Maybe you have noticed some negative consequences from your drinking, or somebody has mentioned your drinking habits. Whether you have tried cutting back or cutting out altogether, or you've just thought about it, you find yourself continuing to drink.

This inability to take control can be damaging to a person's mental health and can send them into a spiral of shame and regret - sadly, often leading them to drink more.

Trying to stop drinking alcohol without the support of a mental health professional is extremely difficult, try not to let setbacks dishearten you, instead reach out for specialist help.

You've stopped finding joy in things you previously did

Maybe you have stopped taking part in things you previously did such as hobbies or spending time with friends because you are spending more time drinking or hungover.

Furthermore, even if you are in those situations it might be difficult to enjoy them because you are preoccupied with obtaining or drinking alcohol.

Deliberately Reducing Social Contact in Order to Drink

You may also deliberately avoid spending time with people who love and care about you to avoid confrontations about your alcohol use. This may be conscious, turning down invites, or making up excuses, while other times you may not realize what you are doing.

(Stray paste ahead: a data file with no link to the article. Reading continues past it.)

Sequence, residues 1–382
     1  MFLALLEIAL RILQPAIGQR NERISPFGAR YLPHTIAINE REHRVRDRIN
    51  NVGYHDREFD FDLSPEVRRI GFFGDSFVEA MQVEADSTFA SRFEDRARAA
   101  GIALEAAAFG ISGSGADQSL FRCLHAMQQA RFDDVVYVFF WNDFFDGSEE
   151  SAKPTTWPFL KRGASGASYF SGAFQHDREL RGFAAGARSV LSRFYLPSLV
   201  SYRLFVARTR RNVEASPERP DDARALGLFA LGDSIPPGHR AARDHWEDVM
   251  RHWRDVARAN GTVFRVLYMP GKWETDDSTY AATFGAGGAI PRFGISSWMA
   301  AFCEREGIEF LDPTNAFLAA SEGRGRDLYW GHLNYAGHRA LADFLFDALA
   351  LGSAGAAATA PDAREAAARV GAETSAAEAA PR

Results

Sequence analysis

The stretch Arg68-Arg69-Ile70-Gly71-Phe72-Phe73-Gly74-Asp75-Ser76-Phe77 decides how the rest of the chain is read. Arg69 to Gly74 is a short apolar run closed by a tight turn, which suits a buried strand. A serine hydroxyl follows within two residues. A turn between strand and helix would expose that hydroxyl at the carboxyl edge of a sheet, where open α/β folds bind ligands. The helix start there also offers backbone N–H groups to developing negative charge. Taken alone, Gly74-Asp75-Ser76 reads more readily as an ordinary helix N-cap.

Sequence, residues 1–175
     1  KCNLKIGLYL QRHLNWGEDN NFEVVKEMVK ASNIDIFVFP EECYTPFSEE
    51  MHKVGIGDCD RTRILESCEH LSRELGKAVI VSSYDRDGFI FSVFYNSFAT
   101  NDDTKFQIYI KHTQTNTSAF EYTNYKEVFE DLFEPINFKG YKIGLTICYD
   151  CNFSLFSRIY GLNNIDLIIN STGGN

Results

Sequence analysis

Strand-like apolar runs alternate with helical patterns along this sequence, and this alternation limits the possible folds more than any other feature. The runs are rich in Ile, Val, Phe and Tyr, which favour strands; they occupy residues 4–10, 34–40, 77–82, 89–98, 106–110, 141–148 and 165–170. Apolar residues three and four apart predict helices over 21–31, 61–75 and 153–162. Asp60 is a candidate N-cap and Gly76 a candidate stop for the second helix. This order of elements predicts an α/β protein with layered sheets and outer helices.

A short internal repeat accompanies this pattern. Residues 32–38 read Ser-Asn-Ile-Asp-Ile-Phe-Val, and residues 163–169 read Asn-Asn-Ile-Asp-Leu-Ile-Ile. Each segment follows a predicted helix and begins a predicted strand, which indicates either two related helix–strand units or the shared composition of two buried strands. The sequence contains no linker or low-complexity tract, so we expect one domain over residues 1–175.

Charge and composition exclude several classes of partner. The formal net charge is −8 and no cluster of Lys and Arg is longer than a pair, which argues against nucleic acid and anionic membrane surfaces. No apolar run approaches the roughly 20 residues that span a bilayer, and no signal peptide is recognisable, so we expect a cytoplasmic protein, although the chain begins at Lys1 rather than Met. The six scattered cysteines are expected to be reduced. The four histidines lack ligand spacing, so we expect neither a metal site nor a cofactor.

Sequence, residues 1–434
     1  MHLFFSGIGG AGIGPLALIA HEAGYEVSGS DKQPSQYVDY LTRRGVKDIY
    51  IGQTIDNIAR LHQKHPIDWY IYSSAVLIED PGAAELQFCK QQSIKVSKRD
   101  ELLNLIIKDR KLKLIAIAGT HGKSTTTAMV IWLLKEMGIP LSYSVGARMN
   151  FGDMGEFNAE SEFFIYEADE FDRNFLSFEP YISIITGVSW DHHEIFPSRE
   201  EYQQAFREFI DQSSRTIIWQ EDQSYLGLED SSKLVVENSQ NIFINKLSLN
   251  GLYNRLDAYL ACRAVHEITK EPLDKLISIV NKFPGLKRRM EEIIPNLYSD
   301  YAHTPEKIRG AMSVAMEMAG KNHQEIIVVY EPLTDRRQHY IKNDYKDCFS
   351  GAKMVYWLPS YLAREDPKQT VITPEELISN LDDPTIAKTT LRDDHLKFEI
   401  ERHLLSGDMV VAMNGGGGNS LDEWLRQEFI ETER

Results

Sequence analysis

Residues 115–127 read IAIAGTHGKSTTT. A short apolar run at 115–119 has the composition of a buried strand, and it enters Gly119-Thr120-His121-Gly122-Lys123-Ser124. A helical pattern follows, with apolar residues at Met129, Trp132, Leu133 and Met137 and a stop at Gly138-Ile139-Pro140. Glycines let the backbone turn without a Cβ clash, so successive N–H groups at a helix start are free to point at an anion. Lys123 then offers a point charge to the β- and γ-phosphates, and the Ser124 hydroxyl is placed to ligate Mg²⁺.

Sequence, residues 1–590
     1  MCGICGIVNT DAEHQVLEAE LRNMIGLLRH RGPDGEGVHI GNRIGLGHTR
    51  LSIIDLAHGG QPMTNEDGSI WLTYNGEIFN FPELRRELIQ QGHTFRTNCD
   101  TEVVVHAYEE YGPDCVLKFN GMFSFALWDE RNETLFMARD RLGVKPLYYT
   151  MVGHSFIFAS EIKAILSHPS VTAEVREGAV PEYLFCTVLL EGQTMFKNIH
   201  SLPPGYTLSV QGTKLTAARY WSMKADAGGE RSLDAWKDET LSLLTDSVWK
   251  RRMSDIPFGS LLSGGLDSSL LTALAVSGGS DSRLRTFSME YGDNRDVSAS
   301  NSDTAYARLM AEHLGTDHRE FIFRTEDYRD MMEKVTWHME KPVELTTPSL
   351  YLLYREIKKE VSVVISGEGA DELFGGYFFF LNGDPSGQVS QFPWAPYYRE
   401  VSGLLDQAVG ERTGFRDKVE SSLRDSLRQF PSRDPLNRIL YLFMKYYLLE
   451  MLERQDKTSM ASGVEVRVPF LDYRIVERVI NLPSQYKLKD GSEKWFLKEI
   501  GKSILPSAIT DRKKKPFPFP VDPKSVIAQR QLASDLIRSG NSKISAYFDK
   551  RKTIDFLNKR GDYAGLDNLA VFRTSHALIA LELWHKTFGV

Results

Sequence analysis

For friends and loved ones it can be extremely difficult to manage, they are likely to feel on one hand hurt by your actions, and on the other hand, worried about your well-being.

Being isolated is likely to make your drinking worse and make it more difficult to give up. The good news is, reaching out to someone you trust can turn things around. Good friends and family members will want to see you making choices that support your physical and mental health. It can feel scary to reach out but it's one of the best things you can do.

Your tolerance has gone up

An increased tolerance to alcohol is a common indicator that you are facing problematic alcohol use. You may recognize that it now takes more alcohol for you to feel the effects, and you may finish your drinks more quickly in order to feel drunk faster. This ultimately means you are more likely to drink heavily every time you consume alcohol.

This may also be reflected in the alcohol choices you make. Rather than drinking beer or wine which have lower alcohol content, you may choose liquors such as vodka and whisky to feel the impacts faster.

This may also mean you don't actually know how much alcohol you are drinking. Being completely unaware of the units you consume, and frequently drinking a lot more than you thought is a sign of alcohol abuse.

You put yourself or others in harm's way

If you frequently find that heavy drinking is putting you or those around you at harm, it could indicate you are living with an alcohol use disorder. This could mean driving a vehicle while under the influence, having unprotected or risky sex, going home with people you don't know, or getting into physical fights.